• Certificate of incorporation (from parent entity country of incorporation).
  • Address of registered office in country of incorporation
  • Details of principal place of business in Ghana
  • Name and address of process agent (facilitator)
  • Memorandum and articles of association of head office
  • A power of attorney executed in favour of the local manager (notarised)

Statutory registration

Depending on the sector and the type of business, businesses must also be registered with various regulatory agencies in addition to incorporating or registering with the RGD.

Here are some of such regulatory entities depending on the nature of business.

Ghana Investment Promotion Centre (GIPC)

Under the GIPC Act of 2013 (Act 865) (GIPC Act), all companies in which there is foreign participation are required to register with the GIPC.

The following are the minimum capital requirements under the GIPC Act:

A joint venture with Ghanaian participation

A foreign partner must invest at least US$200,000 (in cash or capital goods related to the investment) in a joint venture with at least 10% Ghanaian involvement.

A wholly owned foreign entity

An entity wholly owned by a non-Ghanaian requires a minimum amount of foreign equity capital of US$500,000 in either cash or capital goods relevant to the investment.

Trading entity

A trading organization must have a minimum equity capital of US$1,000,000 in cash or capital goods appropriate to the investment if it is controlled entirely or in part by a non-Ghanaian.

While it could be cumbersome in navigating these regulatory, legal and local content requirements in setting up as a foreign entity, it is highly recommended to seek advisory support.

Reimagine an improved, transparent, trustworthy, and consistent business support system, which is essential to building value and managing your risks in setting up a foreign entity in Ghana through a local advisory support network.

Seeking to incorporate in Ghana as a foreign company? Find out more here.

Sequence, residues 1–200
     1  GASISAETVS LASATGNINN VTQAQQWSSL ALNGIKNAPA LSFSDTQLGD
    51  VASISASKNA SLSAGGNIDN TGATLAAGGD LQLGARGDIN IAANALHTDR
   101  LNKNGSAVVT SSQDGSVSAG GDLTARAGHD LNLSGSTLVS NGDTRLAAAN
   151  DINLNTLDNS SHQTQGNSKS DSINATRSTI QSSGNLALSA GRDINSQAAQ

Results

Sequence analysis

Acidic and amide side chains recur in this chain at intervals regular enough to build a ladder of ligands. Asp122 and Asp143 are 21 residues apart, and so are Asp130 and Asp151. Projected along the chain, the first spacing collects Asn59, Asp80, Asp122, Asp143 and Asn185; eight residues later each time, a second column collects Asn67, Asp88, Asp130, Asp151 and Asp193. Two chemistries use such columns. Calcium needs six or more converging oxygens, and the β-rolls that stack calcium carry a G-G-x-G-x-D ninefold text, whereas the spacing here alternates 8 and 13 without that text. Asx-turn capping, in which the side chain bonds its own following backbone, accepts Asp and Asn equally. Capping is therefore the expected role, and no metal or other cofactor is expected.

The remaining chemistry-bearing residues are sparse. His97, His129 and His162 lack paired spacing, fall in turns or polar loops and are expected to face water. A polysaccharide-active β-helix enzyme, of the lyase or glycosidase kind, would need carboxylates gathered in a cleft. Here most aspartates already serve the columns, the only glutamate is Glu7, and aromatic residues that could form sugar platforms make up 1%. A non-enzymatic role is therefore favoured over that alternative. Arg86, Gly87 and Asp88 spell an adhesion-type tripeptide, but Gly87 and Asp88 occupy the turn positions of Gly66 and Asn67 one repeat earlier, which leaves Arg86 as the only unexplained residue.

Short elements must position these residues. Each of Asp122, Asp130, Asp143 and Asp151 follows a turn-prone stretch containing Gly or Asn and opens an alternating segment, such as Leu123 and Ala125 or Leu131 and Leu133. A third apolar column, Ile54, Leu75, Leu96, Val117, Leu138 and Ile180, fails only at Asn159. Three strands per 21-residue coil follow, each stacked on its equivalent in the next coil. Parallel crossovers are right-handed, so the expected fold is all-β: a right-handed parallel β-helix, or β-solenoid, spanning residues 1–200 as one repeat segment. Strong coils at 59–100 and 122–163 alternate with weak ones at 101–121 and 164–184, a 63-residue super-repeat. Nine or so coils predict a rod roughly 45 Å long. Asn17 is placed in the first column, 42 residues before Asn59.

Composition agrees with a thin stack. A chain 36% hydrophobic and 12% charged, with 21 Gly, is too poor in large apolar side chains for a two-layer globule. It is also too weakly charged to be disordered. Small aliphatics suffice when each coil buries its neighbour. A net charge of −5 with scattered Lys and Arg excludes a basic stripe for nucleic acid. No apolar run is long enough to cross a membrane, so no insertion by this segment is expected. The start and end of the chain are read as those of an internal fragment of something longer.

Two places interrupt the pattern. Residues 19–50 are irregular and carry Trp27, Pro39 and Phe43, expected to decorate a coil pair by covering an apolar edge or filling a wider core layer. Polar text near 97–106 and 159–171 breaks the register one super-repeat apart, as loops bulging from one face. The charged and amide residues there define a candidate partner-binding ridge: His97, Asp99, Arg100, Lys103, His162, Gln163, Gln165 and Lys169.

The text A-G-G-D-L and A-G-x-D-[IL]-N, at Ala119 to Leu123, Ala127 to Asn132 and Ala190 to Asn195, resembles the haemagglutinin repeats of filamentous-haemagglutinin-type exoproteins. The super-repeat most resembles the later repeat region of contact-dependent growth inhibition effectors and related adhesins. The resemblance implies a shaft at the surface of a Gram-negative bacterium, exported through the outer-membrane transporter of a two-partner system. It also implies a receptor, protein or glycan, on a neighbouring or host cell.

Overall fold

Minerals Commission (MC)

To participate in the mining industry, all mining and mine support service companies must register with the MC.

The registration entitles them to a number of benefits, including support in the form of an immigration quota for expatriates, freedom from import duties, and authorization to issue invoices in foreign currencies with the Bank of Ghana's consent.

Petroleum Commission (PC)

Contractors, subcontractors, and sub-subcontractors alike in the upstream oil and gas industry must register with the PC and submit the necessary registration costs.

One must create a joint venture (JV) with an indigenous Ghanaian firm (IGC) that has at least a 5 percent or 10 percent stake in the JV in the event of a contractor or subcontractor, respectively, in order to engage in the upstream oil and gas sector as a foreign investor.

National Communication Authority (NCA)

Businesses that plan to import telecommunications equipment, such as servers, mobile phones, fax machines, cordless phones, and radio equipment, must register with the National Communications Authority.

Social Security and National Insurance Trust (SSNIT)

The law mandates that each employer register with the SSNIT and make Tier 1 pension contributions on behalf of its staff.

Ghana Revenue Authority (GRA)

For tax purposes, all entities conducting business in Ghana must register with the GRA.

Leveraging on Specialized Economic Zones

As a means of generating employment and stimulating economic growth, Ghana has long attempted to expand its industrial capacity.

Key to this has been government efforts to improve the country’s industrial infrastructure, in part by establishing programmes designed to expand industrial parks and Special Economic Zones (SEZs).

The Ghana Free Zones Authority is the institution mandated to facilitate the development and regulation of these economic zones in the country.

Companies operating in industries other than mining, petroleum, or timber can obtain a license from the GFZB to operate as a free zone entity.

To qualify for this, the entity needs to export at least 70% of its goods or services. A GFZB registration enables the company to enjoy a tax holiday for a period of ten years; thereafter, it will be required to pay corporate tax of 25% on local sales and 15% with respect to exports.


About author:

Annan Capital Partners (ACP) is a boutique investment advisory and business development agency offering holistic wealth management and venture building services to a wide range of clients, from entrepreneurs to governments and from local SMEs to global corporations. Over the past decade, we have been involved in bridging the gap between investment and investment opportunities in core growth industries such as creative economy, agribusiness, tech, and renewable energy, among others in Africa and beyond.

We are ideally positioned to provide foreign companies with the requisite business and legal requirements as well as market entry advisory services for foreign companies looking to expand their operations in Africa and beyond.

We have spearheaded expansion projects for several multinational corporations and small to medium-sized enterprises on the continent and the establishment of foundations for several high-net-worth individuals.

Talk to our consultants today: